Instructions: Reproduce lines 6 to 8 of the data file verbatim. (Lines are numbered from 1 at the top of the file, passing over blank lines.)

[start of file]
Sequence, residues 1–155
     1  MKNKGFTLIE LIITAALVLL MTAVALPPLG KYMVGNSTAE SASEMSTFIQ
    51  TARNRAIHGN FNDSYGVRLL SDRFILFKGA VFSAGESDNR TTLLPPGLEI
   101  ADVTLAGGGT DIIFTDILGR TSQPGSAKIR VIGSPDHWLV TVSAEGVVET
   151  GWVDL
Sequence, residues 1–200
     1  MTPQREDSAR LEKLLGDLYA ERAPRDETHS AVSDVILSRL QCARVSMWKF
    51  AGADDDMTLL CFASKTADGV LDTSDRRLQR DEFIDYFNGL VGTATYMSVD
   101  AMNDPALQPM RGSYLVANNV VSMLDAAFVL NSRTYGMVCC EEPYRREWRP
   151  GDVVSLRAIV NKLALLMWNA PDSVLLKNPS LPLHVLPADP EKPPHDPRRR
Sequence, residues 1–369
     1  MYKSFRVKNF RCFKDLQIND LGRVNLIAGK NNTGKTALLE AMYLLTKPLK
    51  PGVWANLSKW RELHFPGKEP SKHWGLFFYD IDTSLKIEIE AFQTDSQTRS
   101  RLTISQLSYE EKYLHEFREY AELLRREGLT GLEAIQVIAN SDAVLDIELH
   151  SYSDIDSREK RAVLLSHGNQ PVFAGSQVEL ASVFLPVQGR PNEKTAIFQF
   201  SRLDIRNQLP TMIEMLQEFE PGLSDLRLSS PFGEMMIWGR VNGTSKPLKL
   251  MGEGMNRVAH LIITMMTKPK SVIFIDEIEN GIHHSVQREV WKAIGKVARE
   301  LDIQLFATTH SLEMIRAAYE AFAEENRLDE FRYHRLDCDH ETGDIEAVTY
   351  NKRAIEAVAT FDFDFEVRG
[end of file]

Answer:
Sequence, residues 1–200
     1  MTPQREDSAR LEKLLGDLYA ERAPRDETHS AVSDVILSRL QCARVSMWKF
    51  AGADDDMTLL CFASKTADGV LDTSDRRLQR DEFIDYFNGL VGTATYMSVD